April 18, 2017 By Patrick Jaiah Kamara
A rights and democratic group, Renaissance Movement has filed an action in the Supreme Court (SC) for it to make clear, the parameters within which the office of the Inspector General of Police (IG) can limit citizens’ rights to protest, if at all they have that powers.
Lead defense lawyer, Francis Ben Kelfala Esq, who is also one of the complainant in the matter, said in a press conference held at Charlotte Street in Freetown, that the Movement was challenging the authority of the IG and the police generally, who he said have constituted themselves into a ‘quasi-judicial’ entity that determines whether people can hold meeting, demonstrate or protest.
He said the Movement has put before the Supreme Court seven questions to answer and to decide on- as to whether Part III of the Public Order Act (POA) of 1965, which gives the police powers to allow or disallow permission to protest, was consistent with Section 26&27 of the 1991 constitution.
“Our core principles, ideas, and belief is that the rule of law must be prevailed and not an individual. We in the Movement have filed papers in the Supreme Court challenging the authority of the IG and the police force generally, who has constituted themselves into quasi-judicial entity, where they determine whether people can hold meetings, demonstrate, or protest. In doing so, they are applying the laws discriminatorily,” he said.
He said the Movement has also asked among other issues, for the apex court to make clear whether the IG, refusing to provide security and stopping demonstrations, was not ultra-varying his powers.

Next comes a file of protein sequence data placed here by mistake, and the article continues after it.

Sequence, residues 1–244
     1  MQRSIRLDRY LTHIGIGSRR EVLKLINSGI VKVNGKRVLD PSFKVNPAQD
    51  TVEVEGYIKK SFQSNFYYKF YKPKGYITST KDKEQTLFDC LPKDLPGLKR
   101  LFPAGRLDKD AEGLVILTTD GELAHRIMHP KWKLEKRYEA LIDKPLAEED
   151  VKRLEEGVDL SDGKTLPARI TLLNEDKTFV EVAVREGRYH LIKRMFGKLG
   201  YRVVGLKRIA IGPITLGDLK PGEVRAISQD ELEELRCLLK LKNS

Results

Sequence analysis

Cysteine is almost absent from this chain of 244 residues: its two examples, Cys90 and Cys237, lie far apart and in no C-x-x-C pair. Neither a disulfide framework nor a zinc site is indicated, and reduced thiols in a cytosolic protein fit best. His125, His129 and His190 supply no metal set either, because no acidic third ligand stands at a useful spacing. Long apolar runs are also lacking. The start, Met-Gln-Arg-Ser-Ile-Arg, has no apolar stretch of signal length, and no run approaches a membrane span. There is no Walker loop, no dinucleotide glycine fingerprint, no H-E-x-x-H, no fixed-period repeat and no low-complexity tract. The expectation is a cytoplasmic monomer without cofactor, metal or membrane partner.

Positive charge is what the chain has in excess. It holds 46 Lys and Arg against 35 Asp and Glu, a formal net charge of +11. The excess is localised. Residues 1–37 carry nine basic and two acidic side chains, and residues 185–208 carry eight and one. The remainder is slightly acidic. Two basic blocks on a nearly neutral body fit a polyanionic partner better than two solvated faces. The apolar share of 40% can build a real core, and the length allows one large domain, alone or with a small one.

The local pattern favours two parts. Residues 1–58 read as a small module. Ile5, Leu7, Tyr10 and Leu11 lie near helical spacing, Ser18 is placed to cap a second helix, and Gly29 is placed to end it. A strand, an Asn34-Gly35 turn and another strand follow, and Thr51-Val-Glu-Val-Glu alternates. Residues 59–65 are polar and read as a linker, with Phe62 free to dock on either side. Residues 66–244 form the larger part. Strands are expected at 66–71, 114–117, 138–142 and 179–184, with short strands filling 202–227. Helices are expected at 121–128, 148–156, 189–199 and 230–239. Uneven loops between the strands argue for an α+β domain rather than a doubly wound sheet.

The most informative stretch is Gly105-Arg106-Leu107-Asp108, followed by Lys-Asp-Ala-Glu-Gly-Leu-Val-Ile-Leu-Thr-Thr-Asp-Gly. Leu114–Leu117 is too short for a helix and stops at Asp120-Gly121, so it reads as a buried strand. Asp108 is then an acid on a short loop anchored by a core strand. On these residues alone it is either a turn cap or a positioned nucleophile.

Lawyer Kelfala noted that they were also asking the court as to whether the way the police handle the issue of protests was not discriminatorily done, as some people have been given security to protest, while others were refused.
He noted that some people go out to protest instantaneously without hindrance, while others were harassed, beaten and sometimes shot and killed.
He said they also wanted to know whether the powers in Section 17 of POA of 1965 were necessary in a democratic state.
“We believe this decision would set the matter to rest. Why are the police shooting at people that go out to protest? Do they have the power to do so? If this decision is made and becomes part of our jurisprudent, a lot would fall into place either ways,” he said.
He urged the new Chief Justice, Abdulai Hamid Cham, who took office in January 2016, to empanel judges to the matter as it was the second case filed in the highest court.
He said they have provided the court with a fifteen page case laws and precedencies from various democratic jurisdictions, which he said would help the court.
Earlier, Emmanuel Saffa Abdulai, outgoing chairman of the Movement, said implementing the POA must be done with such flexibility that would give credence to constitutional provision as stated in Section 25 of 1991 Constitution.
“As a democratic country that is aspiring for its democratic credentials, democratic activities like procession and expression of disagreement of government policy must be greatly encouraged,” he said.
He said the Movement, which was formed in 2004 on Fourah Bay College campus, was made up young people from different political backgrounds, with the belief that the country was going the wrong part.
The plaintiff in the matter includes; Emmanuel Saffa Abdulai, Augustine Sorie Sengbeh Marrah, Michael Kanu, Gerald Sidi Cole, Kwesi Taylor, James Prince Sankoh and Francis Ben Kelfala.
“Three people were reported dead when youths protested in Kabala against government’s decision to allegedly move the youth village from Kabala in the Koinadugu.Opposition party members arrested, an Ansarul Islamic pupil was killed, womens’ group refused clearance by the police to assemble at Miata Coverence hall for the CRC to strength womens right ect,” he said .